Why Killing Your Lawn Is a Good Idea—And How to Do It
Why do we love our lawns when they don’t love us back? We pay a gardener or mow every week. We weed, edge, and blow. We aerate and add chemicals that pollute our waterways. And still, our lawns need more—often a lot more.
What’s more, a tremendous amount potable water is used to irrigate our landscapes. And because grass and the soil under it are often severely compacted, many lawns act like a paved surface that water just runs off. Even under the best conditions, our lawns' root systems are very shallow. Plants with deeper root systems allow for healthier soil. The healthier our soil, the more water it can absorb, so there's less runoff.
I used to love my lawn. It was so perfect: a thick soft carpet for my kids and puppy to romp around on, surrounded by a white picket fence. Then I found out the dirty truth about lawns. And the simple fact was that my children and dog spent most of their time in the flower beds anyway. So I did it: I killed my lawn.
Here are a few different ways to do the job. (If you're a renter, you might check with your landlord first, of course.)
Sweat it out
Solarizing works best in the late spring and summer. It's easy, although it is slightly unattractive for a short while.
1. Cut your lawn very short.
2. Water thoroughly.
3. Cover with plastic sheeting. Stake or weigh down with bricks or stones.
4. Wait 6 weeks for the sun to do the dirty work.
Cover it up
Sheet mulching is a great way to go if you have small children, and it’s fairly cheap and easy.
1. Cover your lawn with about six layers of cardboard or newspaper.
2. Add 4-6 inches of mulch on top. Many municipalities offer mulch for free, or a local arborist can deliver some (usually) for free as well.
4. Wait 2 months. Then you can dig through and plant whatever you like, cardboard and all.
With good old-fashioned elbow grease, you can simply dig up your lawn. Grass grows from the stems, so you must get out the entire plant and root system. This takes a long time and can often remove too much top soil, but it’s okay for small areas. Just make sure you don't rototill. Not only will that disturb the soil life, it'll also plant more grass.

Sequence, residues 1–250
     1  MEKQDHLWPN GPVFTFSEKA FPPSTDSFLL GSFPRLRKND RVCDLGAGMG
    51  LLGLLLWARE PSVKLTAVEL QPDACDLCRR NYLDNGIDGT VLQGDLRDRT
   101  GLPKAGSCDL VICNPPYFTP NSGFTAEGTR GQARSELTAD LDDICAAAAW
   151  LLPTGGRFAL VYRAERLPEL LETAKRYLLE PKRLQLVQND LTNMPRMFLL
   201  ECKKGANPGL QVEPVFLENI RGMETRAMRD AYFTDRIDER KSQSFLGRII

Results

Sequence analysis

Some folks swear by chemicals. I’m not a big fan. We’re trying to build healthy soil, so why drench your garden in something toxic? But if spraying seems like the only option for you, try vinegar. (Not effective on Bermuda grass.)
1. Saturate the grass with vinegar (this works best on hot days)
2. Avoid spraying plants you want to keep.
3. Wait 2-4 days. Then dig up.
What should I plant instead?
Now’s your chance to have the landscape of your dreams. So how about that veggie garden you’ve always wanted? You can also choose one big flower bed of native plants. Or if it just seems too drastic to kill your entire lawn, consider just shrinking it a bit.
What about artificial turf?
Fake grass is, well, fake. And it’s not a very green choice. It may be made of recycled materials and doesn’t require water to grow, but these surfaces get very hot (adding to the urban heat island effect) and often require water to cool them. As stewards of our environment, we want to choose landscapes that conserve water and promote healthy soil. Choose a grass native to your area or another turf alternative instead, like yarrow.
Having a grassy field around your home seems harmless. But a 1,000-square-foot lawn with a typical irrigation system will use 25,000 gallons of water a year. Replace it with low-water plants, and you’re down to 6,000 gallons.
If you're in Los Angeles and want more information on how to make your home more sustainable, check out TreePeople's Green City Fair this weekend. The event will include workshops on energy efficiency, fruit tree grafting, and how to do something useful with that little strip of grass between the sidewalk and the curb.
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